It’s a common misconception, but broadband isn’t the same thing as internet; it’s just one of many choices when it comes to business connectivity.
There’s a long list of connection types including ADSL, fibre broadband, Ethernet First Mile (EFM) and direct internet access (AKA leased lines). To make things easier to understand, all business internet connections can generally be put into one of two categories.
These two categories are…
1. Broadband connections
2. Ethernet connections
We’re often asked what the differences of these two categories are, in particular “what is an Ethernet connection?”. The best way to describe it is by comparing FTTC (fibre to the cabinet), a type of broadband connection, with EoFTTC (Ethernet over fibre to the cabinet), a type of Ethernet connection.
That might sound confusing, but stay with us…
Ethernet vs Broadband – what’s the difference?
Because EoFTTC is an Ethernet connection, it offers businesses a range of extra benefits that broadband never will. It’s been designed for organisations who need an extremely reliable and guaranteed connection; one that never drops out and one that’s not affected by peak times or other nearby internet users.
Although EoFTTC does cost more than fibre broadband (FTTC), it’s significantly cheaper than other dedicated business Ethernet connections (like leased lines or Ethernet First Mile).
Is the additional cost worth upgrading from fibre broadband (FTTC)?
Why we think you should consider this move…
Here’s the thing. Fibre broadband is very much a consumer product by design. It’s a great way of increasing speed to households across the country. But much like if you had it installed in your house and something went wrong with your connection, it’ll only be fixed as and when an Openreach engineer is assigned to the problem – that could be more than a full week without any internet!
So if your business relies on the internet in any way, that’s clearly not acceptable. Especially if you’ve got business-dependent systems like e-commerce or any kind of booking system for example. The same can’t be said in any way for EoFTTC.
That’s the first benefit; all EoFTTC connections come with a stringent service level agreement (SLA), meaning if anything goes wrong you’ll definitely be up and running again within 7 hours, or else you’ll be able to start claiming compensation for your downtime.
Another problem with fibre broadband (and ADSL broadband – the one that’s not “superfast”) is that you’ll effectively share your internet connection with all the other businesses nearby who use the same cabinet (the green Openreach box that sits on streets in fibre-enabled areas). That means at certain times of the day (peak times) you’ll notice drops in bandwidth.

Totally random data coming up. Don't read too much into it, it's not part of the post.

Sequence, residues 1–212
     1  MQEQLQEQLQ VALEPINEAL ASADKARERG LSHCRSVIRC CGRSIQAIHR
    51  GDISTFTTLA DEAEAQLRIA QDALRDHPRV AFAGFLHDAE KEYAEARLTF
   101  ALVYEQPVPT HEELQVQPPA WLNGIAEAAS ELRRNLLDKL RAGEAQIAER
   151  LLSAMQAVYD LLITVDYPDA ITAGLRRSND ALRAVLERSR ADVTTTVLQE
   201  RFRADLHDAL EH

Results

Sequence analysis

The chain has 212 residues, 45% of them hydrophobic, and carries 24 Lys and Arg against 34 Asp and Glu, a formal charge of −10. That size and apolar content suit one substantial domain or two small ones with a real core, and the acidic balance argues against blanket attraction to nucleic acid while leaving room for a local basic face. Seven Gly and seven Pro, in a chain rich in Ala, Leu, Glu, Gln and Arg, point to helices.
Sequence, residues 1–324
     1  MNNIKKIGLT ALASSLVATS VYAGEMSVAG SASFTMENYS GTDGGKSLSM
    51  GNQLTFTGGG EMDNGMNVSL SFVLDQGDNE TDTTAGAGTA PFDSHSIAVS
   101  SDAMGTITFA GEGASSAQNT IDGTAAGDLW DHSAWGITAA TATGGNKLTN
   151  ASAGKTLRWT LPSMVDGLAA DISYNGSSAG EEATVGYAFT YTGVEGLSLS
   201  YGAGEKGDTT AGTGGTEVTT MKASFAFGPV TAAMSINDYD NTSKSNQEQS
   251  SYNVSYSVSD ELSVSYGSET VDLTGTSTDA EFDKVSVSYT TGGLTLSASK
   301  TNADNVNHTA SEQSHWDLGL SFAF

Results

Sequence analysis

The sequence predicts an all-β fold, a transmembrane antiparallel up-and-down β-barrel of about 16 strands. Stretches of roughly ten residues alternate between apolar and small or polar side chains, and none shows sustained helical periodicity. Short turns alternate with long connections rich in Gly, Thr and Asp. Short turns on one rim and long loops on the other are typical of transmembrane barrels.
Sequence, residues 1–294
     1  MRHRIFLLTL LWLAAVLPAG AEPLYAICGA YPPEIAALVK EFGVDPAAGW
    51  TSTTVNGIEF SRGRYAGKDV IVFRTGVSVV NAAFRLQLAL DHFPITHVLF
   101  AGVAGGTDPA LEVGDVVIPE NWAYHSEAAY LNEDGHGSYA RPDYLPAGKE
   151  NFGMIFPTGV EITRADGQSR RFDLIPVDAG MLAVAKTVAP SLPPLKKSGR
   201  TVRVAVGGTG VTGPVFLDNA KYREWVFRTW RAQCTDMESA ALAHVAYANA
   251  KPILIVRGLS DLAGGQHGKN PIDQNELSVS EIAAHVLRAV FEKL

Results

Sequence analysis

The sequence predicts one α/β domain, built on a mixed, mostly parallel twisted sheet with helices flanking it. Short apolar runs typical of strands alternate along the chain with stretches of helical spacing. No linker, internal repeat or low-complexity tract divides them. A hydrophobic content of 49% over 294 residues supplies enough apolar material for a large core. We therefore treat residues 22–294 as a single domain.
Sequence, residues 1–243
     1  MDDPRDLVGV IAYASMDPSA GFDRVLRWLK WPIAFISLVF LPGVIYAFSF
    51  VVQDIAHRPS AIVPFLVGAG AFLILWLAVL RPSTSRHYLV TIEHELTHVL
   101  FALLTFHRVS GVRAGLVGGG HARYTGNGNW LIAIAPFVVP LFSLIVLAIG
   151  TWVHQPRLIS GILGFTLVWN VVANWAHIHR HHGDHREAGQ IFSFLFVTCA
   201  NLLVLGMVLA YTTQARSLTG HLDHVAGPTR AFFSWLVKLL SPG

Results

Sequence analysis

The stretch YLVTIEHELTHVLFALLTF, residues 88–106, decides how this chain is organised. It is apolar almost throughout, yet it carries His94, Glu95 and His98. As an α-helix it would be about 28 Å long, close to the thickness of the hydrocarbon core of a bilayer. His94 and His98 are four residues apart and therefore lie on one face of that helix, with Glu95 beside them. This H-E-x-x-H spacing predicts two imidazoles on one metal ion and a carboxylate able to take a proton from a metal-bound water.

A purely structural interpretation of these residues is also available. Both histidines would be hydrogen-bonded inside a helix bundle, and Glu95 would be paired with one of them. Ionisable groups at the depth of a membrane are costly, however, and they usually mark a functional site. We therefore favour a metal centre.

This isn’t the case with EoFTTC – the bandwidth is dedicated to your particular connection, meaning you’re not affected by peak times or any other businesses close by. On top of this, EoFTTC can be supplied as a fully-symmetrical connection, so you get the same upload and download speeds.
Why does your connection need to be symmetrical?
(i.e. why does your upload speed need to be the same as your download speed?)
This brings us back to what we said before about FTTC being a predominantly consumer service. Your home internet connection mainly needs to support downloading (for streaming TV shows, accessing emails, web browsing etc.), but uploading is much less common at home – it’s mainly used for something like Dropbox or backing-up files to OneDrive for example.
In a business setting uploading is a much more common occurrence, and as such a higher upload speed can make a huge difference to many business applications. Without going in to too much detail, better upload speeds (which are guaranteed with EoFTTC) will make significant improvements to the following:
• Cloud backup – faster backup of your data to an internet-based service.
• Sending large files.
• VoIP (such as MyHosted) – take advantage of cheaper calling with high-quality internet telephony.
• Improved collaboration – video and web conferencing is much more streamlined.
• Any other business cloud-based/hosted solutions.
Is it easy to upgrade to EoFTTC?
In a word, yes.
If you’re already using FTTC most of the physical infrastructure already exists, and you can be sure that you’re able to upgrade to EoFTTC.
If you haven’t got fibre broadband (FTTC) you’d need to contact us to find out if you can get EoFTTC, because it’s only available in fibre-enabled areas (the places that can get FTTC broadband).
Of all the Ethernet business internet connections, EoFTTC has the quickest install time; between 15 and 30 days.
What are the differences in cost?
Because it’s a dedicated and reliable connection that’s backed up by Service Level Agreements, EoFTTC does cost more than FTTC – but it’s much more cost effective, especially for businesses who rely on internet connectivity. After all, how can you put a price on lost business caused by down time?
Get in touch with us for EoFTTC pricing information and to find out if you can upgrade today…